Environmentally conscious citizens have increased in population within modern societies; nowadays environmental stresses are considered in terms of everyday life. Being pioneers in this field, Europeans, mainly from northern European countries, have already set a short case history, by, for instance, having realised large scale recycling schemes or having strongly introduced the use of renewable energy sources in the total energy production mix. An uprising questioning within the general frame of environmental protection focuses on the impact of everyday use products.
This issue has gradually become a part of our daily consciousness, regardless of the product itself, being either a cell phone or a wash detergent, having either short- or long-term use. When we make use of any product, our thought focuses solely on the use. Still, a deeper retrospect reveals numerous hidden aspects: A cell phone, for example, consists of several parts, for the production of which a significant amount of energy has been consumed; the operation of the device itself consumes energy as well; its disposal at the end of its life cycle also claims energy, along with necessity for implementing the best available technique, so as to minimise the respective environmental burden.
By comprehending the mere fact that industrial design has to address an environmentally friendly outcome during the whole product life cycle, an integrated upgrade of our social structures is in demand. Sustainable development anticipates the change or adoption of consumption standards anyhow. The European Union has already taken a leading part in this course by elaborating the Integrated Product Policy (IPP) framework Directive. The introduction of IPP at policy and institutional level, succeeded by its implementation in production and commerce in the future, comprise both an EU task and an environmental challenge. Large European industrial groups have openly expressed their request for the European Union to suggest and promote a worldwide frame on this issue. The realisation of such a scheme cannot be evaluated in the short-term, thus it requires mid- and long-term implementations, based on solid grounds and broadcasted gradually. A similar philosophy has been guiding the implementation of the Integrated Pollution Prevention and Control (IPPC) Directive, having acquired the local character of each country’s demands and specifications.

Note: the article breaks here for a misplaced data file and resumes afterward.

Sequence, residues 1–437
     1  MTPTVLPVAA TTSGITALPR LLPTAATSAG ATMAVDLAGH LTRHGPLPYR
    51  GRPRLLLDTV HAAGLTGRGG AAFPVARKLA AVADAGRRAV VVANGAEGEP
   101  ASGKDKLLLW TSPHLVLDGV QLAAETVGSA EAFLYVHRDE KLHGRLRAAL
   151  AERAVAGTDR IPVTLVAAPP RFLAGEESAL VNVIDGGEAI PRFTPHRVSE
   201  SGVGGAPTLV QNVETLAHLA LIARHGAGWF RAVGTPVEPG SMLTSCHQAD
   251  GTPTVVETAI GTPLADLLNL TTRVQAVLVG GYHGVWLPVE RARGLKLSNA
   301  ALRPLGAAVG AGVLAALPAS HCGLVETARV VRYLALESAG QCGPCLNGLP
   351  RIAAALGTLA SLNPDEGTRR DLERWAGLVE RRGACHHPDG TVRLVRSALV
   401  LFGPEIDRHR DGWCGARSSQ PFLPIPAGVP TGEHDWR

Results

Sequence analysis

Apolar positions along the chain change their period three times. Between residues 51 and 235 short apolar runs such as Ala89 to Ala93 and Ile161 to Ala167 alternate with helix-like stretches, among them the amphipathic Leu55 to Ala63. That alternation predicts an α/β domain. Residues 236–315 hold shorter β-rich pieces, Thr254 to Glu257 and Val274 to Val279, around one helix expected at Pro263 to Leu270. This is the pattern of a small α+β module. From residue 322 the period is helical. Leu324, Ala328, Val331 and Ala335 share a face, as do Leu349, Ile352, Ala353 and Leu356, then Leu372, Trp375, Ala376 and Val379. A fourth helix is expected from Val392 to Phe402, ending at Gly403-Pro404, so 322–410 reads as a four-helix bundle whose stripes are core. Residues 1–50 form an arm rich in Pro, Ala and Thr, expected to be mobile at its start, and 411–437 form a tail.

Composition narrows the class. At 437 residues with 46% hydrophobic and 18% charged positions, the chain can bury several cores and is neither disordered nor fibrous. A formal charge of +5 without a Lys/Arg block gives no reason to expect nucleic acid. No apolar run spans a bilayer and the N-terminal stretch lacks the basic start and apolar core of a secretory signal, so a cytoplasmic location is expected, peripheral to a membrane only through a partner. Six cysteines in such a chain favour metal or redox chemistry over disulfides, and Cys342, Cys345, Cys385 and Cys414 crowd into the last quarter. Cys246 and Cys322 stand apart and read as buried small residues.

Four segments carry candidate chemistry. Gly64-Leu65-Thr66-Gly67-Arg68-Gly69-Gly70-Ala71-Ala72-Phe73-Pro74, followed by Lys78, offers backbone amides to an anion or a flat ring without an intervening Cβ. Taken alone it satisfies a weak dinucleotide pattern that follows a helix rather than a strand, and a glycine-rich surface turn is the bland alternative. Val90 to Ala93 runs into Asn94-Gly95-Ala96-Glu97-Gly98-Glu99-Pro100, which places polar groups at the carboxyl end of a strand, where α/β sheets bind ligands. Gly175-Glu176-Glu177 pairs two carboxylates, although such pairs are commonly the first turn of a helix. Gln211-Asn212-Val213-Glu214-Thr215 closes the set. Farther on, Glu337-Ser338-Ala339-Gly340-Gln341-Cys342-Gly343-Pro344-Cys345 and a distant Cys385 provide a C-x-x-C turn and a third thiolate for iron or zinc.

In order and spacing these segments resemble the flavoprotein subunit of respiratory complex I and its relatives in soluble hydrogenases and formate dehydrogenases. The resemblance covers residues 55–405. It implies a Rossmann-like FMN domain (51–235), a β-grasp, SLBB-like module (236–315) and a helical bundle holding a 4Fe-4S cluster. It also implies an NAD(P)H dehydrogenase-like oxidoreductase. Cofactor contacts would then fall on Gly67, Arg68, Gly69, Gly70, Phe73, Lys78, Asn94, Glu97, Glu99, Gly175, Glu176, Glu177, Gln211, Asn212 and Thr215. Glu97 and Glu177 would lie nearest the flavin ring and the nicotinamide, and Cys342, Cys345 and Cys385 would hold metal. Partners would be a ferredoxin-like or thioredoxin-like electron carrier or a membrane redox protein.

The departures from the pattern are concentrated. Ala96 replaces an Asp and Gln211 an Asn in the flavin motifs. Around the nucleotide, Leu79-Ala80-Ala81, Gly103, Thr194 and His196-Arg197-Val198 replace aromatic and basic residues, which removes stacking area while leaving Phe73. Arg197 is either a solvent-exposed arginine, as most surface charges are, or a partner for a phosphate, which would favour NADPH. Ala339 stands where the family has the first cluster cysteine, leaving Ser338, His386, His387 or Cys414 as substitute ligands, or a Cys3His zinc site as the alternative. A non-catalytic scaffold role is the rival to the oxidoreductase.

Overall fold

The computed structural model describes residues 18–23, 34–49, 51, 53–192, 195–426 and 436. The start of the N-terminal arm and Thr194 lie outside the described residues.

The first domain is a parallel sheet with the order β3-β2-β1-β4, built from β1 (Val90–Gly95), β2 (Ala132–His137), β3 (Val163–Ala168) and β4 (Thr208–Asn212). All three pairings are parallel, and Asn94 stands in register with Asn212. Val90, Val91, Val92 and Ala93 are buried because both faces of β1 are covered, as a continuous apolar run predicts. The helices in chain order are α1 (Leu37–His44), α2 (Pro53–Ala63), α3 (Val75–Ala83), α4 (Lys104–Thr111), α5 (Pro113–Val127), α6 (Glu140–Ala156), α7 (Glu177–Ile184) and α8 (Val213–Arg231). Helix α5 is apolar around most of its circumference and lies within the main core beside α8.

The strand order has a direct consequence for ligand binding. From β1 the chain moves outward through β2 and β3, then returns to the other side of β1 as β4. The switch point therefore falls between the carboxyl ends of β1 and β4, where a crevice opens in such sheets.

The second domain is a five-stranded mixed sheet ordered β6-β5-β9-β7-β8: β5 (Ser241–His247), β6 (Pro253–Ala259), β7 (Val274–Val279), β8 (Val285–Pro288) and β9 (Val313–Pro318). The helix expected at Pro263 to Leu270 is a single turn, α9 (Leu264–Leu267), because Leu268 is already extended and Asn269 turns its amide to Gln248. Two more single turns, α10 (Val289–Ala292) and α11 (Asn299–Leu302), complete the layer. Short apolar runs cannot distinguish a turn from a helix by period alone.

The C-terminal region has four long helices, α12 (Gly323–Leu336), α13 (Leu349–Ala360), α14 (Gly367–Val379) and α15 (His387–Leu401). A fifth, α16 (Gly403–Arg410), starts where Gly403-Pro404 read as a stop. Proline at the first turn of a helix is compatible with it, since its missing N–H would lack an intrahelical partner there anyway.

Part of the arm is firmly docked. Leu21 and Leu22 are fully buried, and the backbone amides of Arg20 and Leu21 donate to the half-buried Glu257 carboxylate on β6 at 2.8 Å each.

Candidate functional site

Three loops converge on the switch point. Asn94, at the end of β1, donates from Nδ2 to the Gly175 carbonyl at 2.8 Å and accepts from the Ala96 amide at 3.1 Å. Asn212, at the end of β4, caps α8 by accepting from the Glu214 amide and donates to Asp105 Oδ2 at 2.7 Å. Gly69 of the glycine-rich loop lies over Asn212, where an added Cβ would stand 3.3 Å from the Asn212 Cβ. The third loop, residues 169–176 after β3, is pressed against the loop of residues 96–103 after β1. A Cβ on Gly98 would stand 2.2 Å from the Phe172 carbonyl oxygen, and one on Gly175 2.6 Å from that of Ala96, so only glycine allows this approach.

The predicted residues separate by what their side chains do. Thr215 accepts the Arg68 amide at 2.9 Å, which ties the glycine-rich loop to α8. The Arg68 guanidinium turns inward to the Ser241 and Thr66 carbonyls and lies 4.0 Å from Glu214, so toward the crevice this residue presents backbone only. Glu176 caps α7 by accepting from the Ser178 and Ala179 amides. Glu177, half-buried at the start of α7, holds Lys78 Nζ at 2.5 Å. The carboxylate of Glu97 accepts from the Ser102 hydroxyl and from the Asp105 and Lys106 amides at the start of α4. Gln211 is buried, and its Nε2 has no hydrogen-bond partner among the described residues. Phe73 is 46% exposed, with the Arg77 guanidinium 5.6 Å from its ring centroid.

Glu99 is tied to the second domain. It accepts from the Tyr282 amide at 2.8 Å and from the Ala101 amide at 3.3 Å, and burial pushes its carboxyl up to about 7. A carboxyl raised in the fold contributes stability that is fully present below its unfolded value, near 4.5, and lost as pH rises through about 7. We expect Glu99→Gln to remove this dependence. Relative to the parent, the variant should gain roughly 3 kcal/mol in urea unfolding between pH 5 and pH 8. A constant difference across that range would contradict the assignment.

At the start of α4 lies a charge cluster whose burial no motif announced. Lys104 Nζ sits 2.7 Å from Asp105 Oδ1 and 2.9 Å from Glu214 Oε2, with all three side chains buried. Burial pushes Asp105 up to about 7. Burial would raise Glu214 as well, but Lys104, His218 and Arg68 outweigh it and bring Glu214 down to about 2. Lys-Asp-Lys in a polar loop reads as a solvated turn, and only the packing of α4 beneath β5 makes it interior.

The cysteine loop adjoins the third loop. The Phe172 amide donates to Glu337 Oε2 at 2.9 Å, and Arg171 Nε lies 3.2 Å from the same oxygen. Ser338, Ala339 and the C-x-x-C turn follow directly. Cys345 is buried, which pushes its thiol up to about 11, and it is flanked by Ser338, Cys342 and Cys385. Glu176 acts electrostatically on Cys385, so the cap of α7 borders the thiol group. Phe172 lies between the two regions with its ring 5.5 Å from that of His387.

Nowadays, a significant proportion of consumers pays attention solely to product pricing, given the unpromising financial situation, and disregards the environmental impacts of product production, use and disposal. In a short time though, producers shall be required to extend their environmentally friendly product design to provide for the whole product life cycle. Pioneering businesspeople have to promote their investments soon, whereas the state ought to impose taxation or elaborate restrictive measures to products that do not fulfil the requirements in question.